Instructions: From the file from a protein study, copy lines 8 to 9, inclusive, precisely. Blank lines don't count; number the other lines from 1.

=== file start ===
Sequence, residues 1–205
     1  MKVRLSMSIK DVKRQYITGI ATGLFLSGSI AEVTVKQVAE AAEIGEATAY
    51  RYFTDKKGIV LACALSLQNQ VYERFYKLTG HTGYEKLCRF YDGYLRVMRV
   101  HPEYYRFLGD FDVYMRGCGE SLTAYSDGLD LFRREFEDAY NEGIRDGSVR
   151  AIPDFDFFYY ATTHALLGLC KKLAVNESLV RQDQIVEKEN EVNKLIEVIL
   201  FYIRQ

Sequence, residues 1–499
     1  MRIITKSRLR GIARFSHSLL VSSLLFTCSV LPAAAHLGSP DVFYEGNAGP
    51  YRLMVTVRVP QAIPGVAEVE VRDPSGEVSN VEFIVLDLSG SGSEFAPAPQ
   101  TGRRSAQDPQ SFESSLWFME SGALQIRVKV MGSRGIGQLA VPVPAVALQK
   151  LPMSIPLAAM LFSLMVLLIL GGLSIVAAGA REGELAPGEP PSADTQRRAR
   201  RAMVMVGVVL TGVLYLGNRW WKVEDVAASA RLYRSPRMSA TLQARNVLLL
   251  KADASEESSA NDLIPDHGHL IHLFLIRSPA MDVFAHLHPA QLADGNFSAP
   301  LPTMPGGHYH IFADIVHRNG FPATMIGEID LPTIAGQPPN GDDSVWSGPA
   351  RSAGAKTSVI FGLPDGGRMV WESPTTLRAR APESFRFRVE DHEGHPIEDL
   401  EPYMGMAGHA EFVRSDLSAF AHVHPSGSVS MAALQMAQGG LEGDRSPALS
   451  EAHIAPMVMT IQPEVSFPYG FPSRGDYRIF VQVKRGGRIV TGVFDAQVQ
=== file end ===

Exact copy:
     1  MRIITKSRLR GIARFSHSLL VSSLLFTCSV LPAAAHLGSP DVFYEGNAGP
    51  YRLMVTVRVP QAIPGVAEVE VRDPSGEVSN VEFIVLDLSG SGSEFAPAPQ